The article “Moving To The U.S.? Here’s What To Do With Your Canadian Investments” was originally published on MoneySense on June 26, 2019.
Set to start a new job south of the border, Justin will need to consider that registered and non-registered accounts are treated differently.
Q. I’m planning on taking a job in the United States next year and was told that I need to close my TFSA and other Canadian accounts before the end of this year, due to American tax rules. (I’ll become an American tax resident next year.) Is this true—and, if so, what else should I do to prepare? Should I keep my savings and investments in Canada, or move them to the U.S.?
A. Congrats on the new gig, Justin. It sounds exciting. And you’re right to start planning for the financial aspects of your move, as leaving Canada for the U.S. carries several investment, tax, estate and general financial implications.
With regards to your investments, there are different considerations for different accounts. It may be advisable to transfer bank and non-registered accounts to the U.S. simply for ease of access in your new location. It may also help you solidify your Canadian non-residency, which can be important to ensure you are no longer subject to tax filings in Canada.
When you leave Canada and you have non-registered accounts in this country, if you have any accrued capital gains, they’re triggered upon departing. So, for the purposes of Canadian capital gains tax calculations, it’s as if you sold the investments anyway.
It’s a bit different for U.S. tax purposes. If you leave non-registered investments in Canada, and sell them after you’ve entered the United States, the capital gain will be based on your original purchase price, even though you already paid tax to Canada on departure. As such, it may be advisable to sell your Canadian non-registered investments immediately before leaving, and stepping up your cost base even if you plan to leave the investments in Canada afterward.
Some Canadian financial institutions will require you to close non-registered accounts when you become a non-resident. You should notify them of your impending change of address, because it may impact the investments you can buy and the withholding tax on your investments. If they respond that you need to close the accounts, that helps make your decision for you.
There are withholding tax rates of 15% on dividends and mutual fund or exchange-traded fund (ETF) distributions, but interest is not subject to withholding tax for U.S. residents. The financial institution sends this withholding tax right to the Canada Revenue Agency, and this represents your only tax obligation to CRA on the investments. Capital gains on non-registered investments sold by a non-resident are not subject to tax in Canada.
You won’t be able to buy Canadian mutual funds as a non-resident, but you can continue to hold existing ones. If you own Canadian mutual funds, ETFs or real estate investment trusts (REITs) in your non-registered or TFSA accounts, you will be subject to Passive Foreign Investment Corporation (PFIC) tax reporting in the U.S. The income may be subject to higher tax rates, additional tax filings, and may make holding these types of investments while you’re a U.S. resident inadvisable.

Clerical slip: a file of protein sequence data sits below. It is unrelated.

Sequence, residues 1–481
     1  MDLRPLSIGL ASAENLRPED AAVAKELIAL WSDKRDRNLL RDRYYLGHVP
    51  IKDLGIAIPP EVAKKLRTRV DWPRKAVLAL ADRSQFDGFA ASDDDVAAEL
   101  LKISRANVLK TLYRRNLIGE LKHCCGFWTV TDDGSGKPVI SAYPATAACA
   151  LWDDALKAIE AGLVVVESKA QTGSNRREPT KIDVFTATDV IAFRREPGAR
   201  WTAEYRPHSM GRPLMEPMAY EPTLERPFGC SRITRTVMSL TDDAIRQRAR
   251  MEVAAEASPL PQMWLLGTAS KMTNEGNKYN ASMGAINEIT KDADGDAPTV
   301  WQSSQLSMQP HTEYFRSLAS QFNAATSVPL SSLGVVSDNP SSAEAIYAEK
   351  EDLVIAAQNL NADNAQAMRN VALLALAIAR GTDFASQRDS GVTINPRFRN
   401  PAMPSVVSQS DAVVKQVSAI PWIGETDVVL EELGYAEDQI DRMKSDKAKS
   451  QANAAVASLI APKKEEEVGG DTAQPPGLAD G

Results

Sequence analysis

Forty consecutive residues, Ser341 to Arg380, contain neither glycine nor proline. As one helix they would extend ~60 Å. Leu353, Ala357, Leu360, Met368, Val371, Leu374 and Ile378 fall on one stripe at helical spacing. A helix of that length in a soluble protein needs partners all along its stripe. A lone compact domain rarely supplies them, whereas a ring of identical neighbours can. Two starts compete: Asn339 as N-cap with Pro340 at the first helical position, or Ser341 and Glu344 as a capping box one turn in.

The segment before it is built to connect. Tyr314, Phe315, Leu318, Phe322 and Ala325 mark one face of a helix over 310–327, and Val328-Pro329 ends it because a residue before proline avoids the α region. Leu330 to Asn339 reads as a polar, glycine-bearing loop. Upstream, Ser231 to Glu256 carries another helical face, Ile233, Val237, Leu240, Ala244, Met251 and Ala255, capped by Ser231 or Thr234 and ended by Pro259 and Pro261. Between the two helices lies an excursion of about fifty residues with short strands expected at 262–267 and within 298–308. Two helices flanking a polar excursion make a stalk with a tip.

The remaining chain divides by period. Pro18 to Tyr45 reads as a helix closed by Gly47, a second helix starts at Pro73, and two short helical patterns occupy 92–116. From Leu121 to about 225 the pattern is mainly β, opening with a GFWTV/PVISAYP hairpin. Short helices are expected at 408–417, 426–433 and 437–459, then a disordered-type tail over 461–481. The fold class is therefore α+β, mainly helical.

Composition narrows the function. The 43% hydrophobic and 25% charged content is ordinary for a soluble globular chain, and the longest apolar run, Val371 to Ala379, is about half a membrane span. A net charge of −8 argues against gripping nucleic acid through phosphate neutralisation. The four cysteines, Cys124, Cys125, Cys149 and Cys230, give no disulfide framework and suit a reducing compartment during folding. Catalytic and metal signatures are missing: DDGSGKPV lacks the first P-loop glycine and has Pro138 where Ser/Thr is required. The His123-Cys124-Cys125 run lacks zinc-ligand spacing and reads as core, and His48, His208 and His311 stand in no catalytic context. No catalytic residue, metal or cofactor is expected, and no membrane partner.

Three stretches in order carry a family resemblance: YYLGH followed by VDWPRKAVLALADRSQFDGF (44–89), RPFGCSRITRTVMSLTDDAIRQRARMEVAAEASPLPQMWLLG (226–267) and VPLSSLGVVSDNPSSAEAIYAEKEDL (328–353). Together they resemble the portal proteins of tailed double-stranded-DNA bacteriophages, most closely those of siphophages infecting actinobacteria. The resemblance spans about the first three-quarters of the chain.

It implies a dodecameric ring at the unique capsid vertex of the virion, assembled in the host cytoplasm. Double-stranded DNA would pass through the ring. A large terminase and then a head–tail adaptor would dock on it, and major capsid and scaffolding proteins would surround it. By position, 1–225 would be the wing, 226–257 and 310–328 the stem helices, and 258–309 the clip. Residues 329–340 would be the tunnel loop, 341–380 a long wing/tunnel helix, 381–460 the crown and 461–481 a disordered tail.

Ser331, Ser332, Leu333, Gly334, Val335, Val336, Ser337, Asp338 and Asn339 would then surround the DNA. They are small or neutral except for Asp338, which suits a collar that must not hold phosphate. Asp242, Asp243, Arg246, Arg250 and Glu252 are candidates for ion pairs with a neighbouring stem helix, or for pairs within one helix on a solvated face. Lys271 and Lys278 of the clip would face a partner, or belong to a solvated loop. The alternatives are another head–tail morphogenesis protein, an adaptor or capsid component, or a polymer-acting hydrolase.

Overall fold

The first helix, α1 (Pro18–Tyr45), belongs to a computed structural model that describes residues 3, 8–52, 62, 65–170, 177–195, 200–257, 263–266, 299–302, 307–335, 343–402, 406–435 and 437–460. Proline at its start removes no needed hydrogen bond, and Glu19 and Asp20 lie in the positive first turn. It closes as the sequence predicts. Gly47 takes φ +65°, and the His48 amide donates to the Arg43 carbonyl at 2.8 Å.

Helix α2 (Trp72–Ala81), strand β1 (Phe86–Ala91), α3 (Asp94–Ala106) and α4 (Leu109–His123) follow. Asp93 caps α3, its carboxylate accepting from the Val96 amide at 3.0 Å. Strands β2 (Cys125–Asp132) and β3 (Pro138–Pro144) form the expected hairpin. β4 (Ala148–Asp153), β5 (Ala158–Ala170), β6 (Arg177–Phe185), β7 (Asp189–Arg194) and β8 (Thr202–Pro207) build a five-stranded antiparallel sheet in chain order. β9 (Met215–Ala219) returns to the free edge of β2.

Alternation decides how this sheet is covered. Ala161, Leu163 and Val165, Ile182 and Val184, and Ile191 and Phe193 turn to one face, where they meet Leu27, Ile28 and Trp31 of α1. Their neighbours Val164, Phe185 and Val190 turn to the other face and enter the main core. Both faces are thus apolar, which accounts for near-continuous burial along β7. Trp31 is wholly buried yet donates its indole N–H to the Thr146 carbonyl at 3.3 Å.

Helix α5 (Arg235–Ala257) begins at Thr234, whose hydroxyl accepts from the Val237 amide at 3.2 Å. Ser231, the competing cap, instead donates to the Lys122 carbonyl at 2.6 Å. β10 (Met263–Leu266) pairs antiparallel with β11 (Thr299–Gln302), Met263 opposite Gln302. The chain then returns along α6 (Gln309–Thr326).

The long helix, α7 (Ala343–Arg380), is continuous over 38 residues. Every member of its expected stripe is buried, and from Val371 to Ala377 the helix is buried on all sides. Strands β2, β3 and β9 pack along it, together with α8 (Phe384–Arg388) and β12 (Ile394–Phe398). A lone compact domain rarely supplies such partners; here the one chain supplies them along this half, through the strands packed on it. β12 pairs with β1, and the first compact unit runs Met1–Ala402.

TFSAs remain tax-free for Canadian tax purposes (no withholding tax) but are subject to tax in the U.S. They are also considered foreign trusts and require additional tax reporting. Even though you can keep a TFSA after leaving Canada, it may not be beneficial to keep one open.
RRSPs remain tax-deferred for Canadian tax purposes, and tax can also continue to be deferred in the U.S. at the federal level. However, some states may tax RRSP income annually.
There is no opportunity to roll over a Canadian RRSP into the U.S. equivalent—the Individual Retirement Account (IRA)—and some people keep their Canadian RRSPs forever, even if they retire in the U.S.
When you take a lump-sum withdrawal from an RRSP as a U.S. resident, you are subject to 25% withholding tax. If you take periodic withdrawals, like in retirement, you can be subject to a lower rate of 15%. Periodic withdrawals are defined as twice the RRIF minimum for your age, or no more than 10% of the total value.
One consideration for someone who expects to stay in the U.S. for the long run, especially if they have a large RRSP, is how the U.S. taxes RRSP/RRIF withdrawals. There is a formula based on the market value of your entire account at the time of the withdrawal and the original cost base at the time you entered the U.S. If you have large deferred capital gains in your RRSP before moving to the U.S., it may, therefore, be advisable to step up your cost base by selling and even immediately reacquiring the same or different investments. This won’t trigger Canadian tax, of course, because an RRSP is tax-deferred. Although it may trigger transaction costs, it could save you U.S. tax down the road if you are withdrawing from your RRSP/RRIF while still a U.S. tax resident.
This summary is hardly exhaustive, as there are lots of other considerations. And there are lots of other potential accounts a departing Canadian could have, like RESPs, corporate accounts and trust accounts, let alone other assets like real estate, insurance policies, etc.
Getting professional advice is a good idea in many circumstances, and making a big move like you are doing is a strong reason to seek out input on tax, estate and other financial considerations. Good luck in your new role, Justin.
Jason Heath is a fee-only, advice-only Certified Financial Planner (CFP) at Objective Financial Partners Inc. in Toronto, Ontario. He does not sell any financial products whatsoever.